by Gary L. McIntosh
Church Leaders Insights, 2016
—Reviewed by Timothy D. Padgett, adjunct faculty, Trinity Christian College & Judson University
This book tells the immensely fascinating story of an interesting life. While there is an instructional nature to be found here, it is perhaps better seen for its inspirational contribution. Over the course of the book, the reader will gain a glimpse into the hardships of the mid-nineteenth century missionary pioneers, the changing world of their mid-twentieth century successors, and the advent of late-twentieth century concerns remaining with us to today. All this comes through the story of one remarkable man, Donald McGavran (1897-1990).
The book begins by giving the background to McGavran, starting with his ancestral homeland in the British Isles. In this first section we read of the conversion of his family to the ‘Restorationist’ movement and their subsequent involvement in missionary work in British-ruled India.
Moving on to its primary subject, we read of McGavran himself, beginning his life in India as an MK before moving to the United States for schooling, only to return to India as a missionary himself. The final section details McGavran’s professional contribution to the Church at large as he formulated his ideas on ‘church growth’ and worked unswervingly to get this message out through building the appropriate organizations.
Let me say upfront that there are a good number of editing issues and typos along the way. These are distracting, but it would take a hard heart not to be taken up in this tale. When we read of the ordeals endured by the British and American missionaries bringing the gospel to the India of the 1800s, we cannot but feel inspired, and more than a little bit humbled. Likewise, hearing of the work ethic of people like McGavran, striving to hammer out a better understanding of the Church for its leaders, we cannot but feel grateful for the labors of those pushing the bride of Christ to greater heights.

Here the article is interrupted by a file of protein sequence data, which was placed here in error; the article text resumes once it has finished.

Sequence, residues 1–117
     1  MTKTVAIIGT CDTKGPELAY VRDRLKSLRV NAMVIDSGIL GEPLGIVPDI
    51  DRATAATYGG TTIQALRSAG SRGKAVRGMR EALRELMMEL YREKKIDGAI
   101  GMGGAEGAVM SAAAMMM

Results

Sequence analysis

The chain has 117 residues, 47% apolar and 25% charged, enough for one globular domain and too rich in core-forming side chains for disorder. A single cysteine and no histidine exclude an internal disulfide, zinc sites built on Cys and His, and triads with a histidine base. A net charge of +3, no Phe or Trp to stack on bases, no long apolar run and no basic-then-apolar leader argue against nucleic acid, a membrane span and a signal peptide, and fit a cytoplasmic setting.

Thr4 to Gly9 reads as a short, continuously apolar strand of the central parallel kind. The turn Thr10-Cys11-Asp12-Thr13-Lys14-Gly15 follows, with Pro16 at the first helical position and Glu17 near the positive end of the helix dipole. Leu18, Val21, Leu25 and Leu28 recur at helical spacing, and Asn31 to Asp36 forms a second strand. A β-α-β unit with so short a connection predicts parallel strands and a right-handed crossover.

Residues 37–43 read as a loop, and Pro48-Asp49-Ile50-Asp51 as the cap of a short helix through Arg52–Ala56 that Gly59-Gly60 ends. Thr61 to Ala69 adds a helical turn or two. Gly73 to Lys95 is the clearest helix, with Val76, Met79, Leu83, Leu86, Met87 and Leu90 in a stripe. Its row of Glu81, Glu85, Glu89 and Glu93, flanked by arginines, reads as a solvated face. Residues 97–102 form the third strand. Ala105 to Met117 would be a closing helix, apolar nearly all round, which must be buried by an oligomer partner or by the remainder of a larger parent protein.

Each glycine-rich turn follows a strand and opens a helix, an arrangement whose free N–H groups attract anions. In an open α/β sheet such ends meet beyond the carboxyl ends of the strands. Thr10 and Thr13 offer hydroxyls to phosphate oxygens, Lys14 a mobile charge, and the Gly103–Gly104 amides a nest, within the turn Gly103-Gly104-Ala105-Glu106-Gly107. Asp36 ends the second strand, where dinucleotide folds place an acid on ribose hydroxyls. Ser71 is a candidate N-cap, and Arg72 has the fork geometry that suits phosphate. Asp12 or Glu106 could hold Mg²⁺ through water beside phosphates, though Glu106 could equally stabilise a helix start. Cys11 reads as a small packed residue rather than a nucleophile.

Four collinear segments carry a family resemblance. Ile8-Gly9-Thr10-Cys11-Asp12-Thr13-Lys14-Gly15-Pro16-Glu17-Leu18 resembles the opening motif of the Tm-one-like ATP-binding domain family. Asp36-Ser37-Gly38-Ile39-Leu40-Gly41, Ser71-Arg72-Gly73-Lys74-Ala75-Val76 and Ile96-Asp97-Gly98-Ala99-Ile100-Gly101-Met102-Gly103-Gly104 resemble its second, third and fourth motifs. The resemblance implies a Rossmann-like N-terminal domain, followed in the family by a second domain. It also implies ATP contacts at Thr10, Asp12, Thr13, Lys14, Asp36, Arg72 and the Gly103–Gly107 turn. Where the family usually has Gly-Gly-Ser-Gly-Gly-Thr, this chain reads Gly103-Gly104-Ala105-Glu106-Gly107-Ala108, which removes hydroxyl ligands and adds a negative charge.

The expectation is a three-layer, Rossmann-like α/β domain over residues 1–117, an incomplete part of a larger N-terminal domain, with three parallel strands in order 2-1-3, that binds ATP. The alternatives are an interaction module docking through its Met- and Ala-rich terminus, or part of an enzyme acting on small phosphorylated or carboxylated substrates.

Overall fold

While this book is largely the story of missionaries and missiologists, it can work just as easily as part of a history of twentieth-century Evangelicalism. McGavran worked on the borderlands of the movement, seeking to call his more liberal co-workers to a more conversion focus while also challenging his more conservative fellows to a less individualistic approach.
While he may not be well-known outside seminaries today, throughout his long life, Donald McGavran interacted with many of the key ideas and individuals which shaped and continue to shape Global Evangelicalism today. This book is a very helpful tool for anyone wanting a better understanding of God’s Church and mission today.
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